More Holiday Reading

My favorite bit of holiday reading so far this year has been a new/old book. Connie Willis is one of my favorite writers. I love her novels, and her short stories make me feel inadequate as a writer. A number of years ago, she put out a collection of Christmas-related short stories, called Miracle. I have a copy in hardcover and pull it out to re-read favorites every so often. In addition to the stories, there’s an essay about Christmas and why Miracle on 34th Street is a better Christmas movie than It’s a Wonderful Life, as well as some lists of good holiday movies, TV shows, and books/stories.

Not too long ago (maybe last year’s Christmas season?), they issued an updated version of this collection, called A Lot Like Christmas. It has the things that were in Miracle, but there are a number of new stories and the lists of recommended viewing and reading have been updated.

The new stories are just as fun as those in the original collection. There’s one about androids who dream of Broadway stardom, one about futuristic holiday decorating run amok, and one about what might happen if “White Christmas” is played so often that it does something to alter reality. That’s in addition to the original stories about the Spirit of Christmas Presents (as in gifts) showing up, aliens arriving just in time for Christmas, and Dickens’ Christmas ghosts showing up in a bookstore, among others.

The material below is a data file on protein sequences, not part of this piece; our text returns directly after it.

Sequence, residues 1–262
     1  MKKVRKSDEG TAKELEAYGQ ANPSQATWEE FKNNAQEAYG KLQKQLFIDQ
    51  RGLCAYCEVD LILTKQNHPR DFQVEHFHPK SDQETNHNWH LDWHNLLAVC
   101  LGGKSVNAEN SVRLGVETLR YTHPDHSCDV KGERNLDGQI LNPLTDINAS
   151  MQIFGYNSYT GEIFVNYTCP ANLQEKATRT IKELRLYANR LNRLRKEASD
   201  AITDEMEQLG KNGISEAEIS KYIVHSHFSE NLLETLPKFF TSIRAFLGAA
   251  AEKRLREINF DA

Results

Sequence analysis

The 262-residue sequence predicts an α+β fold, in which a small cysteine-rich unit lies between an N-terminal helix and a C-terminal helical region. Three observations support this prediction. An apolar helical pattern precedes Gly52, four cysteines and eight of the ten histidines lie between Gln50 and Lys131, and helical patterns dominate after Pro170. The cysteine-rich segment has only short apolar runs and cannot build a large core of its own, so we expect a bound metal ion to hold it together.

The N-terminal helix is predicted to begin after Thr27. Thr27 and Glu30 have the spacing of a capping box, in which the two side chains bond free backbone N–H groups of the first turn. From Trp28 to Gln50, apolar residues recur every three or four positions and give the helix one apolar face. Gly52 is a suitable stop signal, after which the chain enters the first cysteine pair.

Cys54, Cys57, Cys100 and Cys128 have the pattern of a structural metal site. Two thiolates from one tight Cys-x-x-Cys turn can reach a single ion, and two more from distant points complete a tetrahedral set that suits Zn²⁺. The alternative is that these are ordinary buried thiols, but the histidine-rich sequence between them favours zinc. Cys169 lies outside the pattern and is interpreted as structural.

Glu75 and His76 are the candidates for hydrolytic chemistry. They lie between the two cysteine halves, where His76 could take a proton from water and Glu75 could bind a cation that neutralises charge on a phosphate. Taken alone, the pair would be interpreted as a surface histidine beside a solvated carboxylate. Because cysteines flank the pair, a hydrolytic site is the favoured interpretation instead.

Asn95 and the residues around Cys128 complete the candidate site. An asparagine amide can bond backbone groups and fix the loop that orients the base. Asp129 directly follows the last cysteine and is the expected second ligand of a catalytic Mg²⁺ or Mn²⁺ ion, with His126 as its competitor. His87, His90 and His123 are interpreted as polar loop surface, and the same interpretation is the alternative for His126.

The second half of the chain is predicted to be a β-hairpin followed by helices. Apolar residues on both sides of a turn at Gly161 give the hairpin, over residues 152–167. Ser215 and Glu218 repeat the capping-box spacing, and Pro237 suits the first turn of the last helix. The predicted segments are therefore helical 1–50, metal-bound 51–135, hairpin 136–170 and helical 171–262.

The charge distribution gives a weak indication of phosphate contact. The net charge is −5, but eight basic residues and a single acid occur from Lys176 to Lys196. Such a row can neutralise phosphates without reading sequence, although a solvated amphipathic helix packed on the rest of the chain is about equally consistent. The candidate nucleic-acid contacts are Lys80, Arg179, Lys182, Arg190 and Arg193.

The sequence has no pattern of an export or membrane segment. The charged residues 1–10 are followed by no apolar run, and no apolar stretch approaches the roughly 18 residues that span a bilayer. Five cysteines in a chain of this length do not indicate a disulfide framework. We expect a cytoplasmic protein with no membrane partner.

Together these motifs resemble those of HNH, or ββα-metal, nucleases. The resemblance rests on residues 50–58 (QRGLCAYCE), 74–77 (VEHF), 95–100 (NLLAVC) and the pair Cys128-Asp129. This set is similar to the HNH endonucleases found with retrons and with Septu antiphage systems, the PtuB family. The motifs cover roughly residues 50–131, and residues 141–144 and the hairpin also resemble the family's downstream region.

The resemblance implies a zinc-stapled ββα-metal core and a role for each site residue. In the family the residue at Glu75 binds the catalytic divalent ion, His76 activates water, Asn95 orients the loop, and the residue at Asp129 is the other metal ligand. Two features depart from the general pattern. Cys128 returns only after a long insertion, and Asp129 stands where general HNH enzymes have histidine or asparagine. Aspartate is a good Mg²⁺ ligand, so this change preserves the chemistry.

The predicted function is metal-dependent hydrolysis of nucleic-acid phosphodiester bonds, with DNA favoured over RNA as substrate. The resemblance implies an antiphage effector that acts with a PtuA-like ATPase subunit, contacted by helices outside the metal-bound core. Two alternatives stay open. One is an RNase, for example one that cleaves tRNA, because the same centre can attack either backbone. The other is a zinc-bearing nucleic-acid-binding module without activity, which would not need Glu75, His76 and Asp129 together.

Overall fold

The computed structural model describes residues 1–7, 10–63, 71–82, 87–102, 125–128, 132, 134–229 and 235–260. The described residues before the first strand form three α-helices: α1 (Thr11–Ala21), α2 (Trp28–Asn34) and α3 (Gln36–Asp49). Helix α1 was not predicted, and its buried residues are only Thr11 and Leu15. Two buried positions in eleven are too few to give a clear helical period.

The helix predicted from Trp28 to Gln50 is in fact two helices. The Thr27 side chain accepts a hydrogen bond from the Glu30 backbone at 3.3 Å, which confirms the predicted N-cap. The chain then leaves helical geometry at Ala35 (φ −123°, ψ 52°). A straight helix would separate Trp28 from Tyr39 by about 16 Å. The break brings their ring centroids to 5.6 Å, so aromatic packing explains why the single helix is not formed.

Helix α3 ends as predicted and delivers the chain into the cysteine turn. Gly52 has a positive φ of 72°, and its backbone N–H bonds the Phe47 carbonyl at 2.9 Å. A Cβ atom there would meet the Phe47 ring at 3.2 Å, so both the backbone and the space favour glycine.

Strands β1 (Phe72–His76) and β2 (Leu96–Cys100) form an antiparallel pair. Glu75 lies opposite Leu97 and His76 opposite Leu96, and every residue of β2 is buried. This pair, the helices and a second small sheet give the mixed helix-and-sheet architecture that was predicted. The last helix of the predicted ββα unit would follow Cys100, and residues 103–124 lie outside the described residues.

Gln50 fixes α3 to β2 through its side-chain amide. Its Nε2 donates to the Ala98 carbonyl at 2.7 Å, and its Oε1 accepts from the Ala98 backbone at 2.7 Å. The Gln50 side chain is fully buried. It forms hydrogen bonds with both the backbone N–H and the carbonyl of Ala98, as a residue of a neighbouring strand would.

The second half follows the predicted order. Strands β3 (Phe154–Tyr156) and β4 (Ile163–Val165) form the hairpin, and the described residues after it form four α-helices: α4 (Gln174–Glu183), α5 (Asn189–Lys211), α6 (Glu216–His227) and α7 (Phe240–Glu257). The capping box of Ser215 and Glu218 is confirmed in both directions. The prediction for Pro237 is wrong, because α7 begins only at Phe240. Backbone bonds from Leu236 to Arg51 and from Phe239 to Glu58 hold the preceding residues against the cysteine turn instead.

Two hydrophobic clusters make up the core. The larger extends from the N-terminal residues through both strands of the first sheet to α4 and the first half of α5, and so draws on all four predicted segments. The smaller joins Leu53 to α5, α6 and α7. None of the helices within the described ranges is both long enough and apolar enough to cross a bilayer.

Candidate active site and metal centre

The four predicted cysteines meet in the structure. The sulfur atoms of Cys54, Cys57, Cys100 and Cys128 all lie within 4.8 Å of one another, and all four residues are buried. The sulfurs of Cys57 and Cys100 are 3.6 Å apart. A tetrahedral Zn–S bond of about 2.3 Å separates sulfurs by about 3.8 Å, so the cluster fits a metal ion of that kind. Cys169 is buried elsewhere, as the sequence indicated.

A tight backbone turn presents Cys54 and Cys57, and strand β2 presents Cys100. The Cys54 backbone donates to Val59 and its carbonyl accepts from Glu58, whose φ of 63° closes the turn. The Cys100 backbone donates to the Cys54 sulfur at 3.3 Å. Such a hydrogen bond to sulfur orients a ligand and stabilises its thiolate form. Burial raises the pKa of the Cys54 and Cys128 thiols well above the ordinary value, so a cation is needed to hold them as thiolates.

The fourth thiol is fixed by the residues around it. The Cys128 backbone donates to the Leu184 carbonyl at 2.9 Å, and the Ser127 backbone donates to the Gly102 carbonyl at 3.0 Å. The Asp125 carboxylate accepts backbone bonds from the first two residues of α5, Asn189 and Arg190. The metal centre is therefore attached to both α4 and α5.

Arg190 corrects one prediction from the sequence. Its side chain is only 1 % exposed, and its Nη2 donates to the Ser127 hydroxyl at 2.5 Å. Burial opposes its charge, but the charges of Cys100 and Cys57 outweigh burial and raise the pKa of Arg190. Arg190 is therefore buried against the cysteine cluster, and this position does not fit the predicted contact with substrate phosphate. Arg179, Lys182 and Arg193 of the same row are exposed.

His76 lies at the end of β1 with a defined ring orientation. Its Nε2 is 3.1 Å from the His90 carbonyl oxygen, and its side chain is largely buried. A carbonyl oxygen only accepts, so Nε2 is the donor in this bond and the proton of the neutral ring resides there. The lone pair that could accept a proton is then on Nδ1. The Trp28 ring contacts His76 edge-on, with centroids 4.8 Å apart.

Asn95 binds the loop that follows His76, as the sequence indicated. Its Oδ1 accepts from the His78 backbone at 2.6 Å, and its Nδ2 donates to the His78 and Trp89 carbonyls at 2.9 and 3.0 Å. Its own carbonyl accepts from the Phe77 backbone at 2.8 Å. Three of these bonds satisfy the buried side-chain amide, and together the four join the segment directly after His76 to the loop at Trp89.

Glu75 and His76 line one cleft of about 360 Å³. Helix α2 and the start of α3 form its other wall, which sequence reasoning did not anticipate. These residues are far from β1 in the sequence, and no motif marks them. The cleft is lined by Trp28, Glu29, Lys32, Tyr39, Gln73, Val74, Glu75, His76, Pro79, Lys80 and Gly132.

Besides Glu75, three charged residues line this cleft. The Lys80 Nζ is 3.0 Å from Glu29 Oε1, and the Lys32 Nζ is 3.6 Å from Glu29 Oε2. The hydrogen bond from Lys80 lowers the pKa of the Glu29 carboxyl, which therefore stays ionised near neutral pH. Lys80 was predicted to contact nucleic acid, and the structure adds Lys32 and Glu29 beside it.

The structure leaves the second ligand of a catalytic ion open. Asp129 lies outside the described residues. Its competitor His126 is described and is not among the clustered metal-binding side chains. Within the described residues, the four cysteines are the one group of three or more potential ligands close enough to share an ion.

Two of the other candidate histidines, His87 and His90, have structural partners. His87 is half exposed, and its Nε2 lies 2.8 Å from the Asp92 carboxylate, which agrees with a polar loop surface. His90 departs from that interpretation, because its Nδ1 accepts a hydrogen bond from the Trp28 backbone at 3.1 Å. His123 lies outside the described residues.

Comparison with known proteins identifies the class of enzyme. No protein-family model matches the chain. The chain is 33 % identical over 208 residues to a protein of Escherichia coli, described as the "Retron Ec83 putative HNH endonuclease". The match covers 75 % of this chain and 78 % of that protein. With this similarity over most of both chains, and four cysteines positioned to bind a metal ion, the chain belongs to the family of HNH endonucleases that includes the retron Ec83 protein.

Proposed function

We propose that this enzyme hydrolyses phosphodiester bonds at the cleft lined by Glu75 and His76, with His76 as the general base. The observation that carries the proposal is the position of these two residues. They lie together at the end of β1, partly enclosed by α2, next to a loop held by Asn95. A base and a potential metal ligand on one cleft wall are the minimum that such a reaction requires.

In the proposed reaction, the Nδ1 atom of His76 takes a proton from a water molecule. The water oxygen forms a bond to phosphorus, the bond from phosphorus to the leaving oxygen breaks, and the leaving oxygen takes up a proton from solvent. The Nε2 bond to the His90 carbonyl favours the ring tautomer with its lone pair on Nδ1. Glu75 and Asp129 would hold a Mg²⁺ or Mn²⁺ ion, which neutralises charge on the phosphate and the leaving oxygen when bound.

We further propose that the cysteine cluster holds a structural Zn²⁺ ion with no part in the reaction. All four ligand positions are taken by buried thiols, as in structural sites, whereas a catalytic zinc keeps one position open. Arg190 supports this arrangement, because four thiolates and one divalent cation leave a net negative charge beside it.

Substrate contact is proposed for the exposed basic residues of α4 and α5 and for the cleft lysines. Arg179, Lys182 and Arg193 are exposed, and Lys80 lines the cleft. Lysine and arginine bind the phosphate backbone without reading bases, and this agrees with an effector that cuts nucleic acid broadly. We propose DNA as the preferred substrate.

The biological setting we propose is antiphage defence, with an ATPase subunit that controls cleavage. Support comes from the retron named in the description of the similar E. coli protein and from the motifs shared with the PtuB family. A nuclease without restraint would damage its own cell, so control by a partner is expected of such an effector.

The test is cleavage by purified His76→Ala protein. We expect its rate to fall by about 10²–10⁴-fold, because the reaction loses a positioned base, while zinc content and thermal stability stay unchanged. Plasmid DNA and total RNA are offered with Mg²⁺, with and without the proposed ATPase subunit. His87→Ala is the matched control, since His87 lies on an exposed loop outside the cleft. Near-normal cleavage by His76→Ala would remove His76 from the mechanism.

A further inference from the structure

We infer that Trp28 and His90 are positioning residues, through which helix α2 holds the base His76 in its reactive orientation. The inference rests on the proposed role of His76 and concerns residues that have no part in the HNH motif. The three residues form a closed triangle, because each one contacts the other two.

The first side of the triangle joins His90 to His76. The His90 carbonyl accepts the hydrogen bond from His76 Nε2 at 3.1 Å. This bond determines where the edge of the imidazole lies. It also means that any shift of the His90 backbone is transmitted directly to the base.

The nice thing about reading a short story collection is that I can fit in a story or two when I don’t have an extended block of reading time, and I can still turn my light out and go to sleep at the appropriate time. I can reach a satisfying conclusion without being tempted to read one more chapter (though there is the temptation to read one more story).

What Connie does so well is convey chaos. A lot of these stories might be considered screwball comedies, like the great old movies. That’s so appropriate for this time of year, when we’re pulled in so many directions. And then in the middle of the chaos, there’s a moment of peace and truth.

I guess what I’m looking for in a holiday read is something that’s like some of these stories — with humor, a touch of magic, and a dash of romance — but maybe longer. Christmas has played a big role in some of her novels, but the Black Death and a flu epidemic may not necessarily be everyone’s idea of festive (though I happen to love The Doomsday Book as a Christmas read).

Meanwhile, I’ve discovered that the hoopla service I get through my library has some of the Hallmark Christmas books, so I shall have to investigate that.

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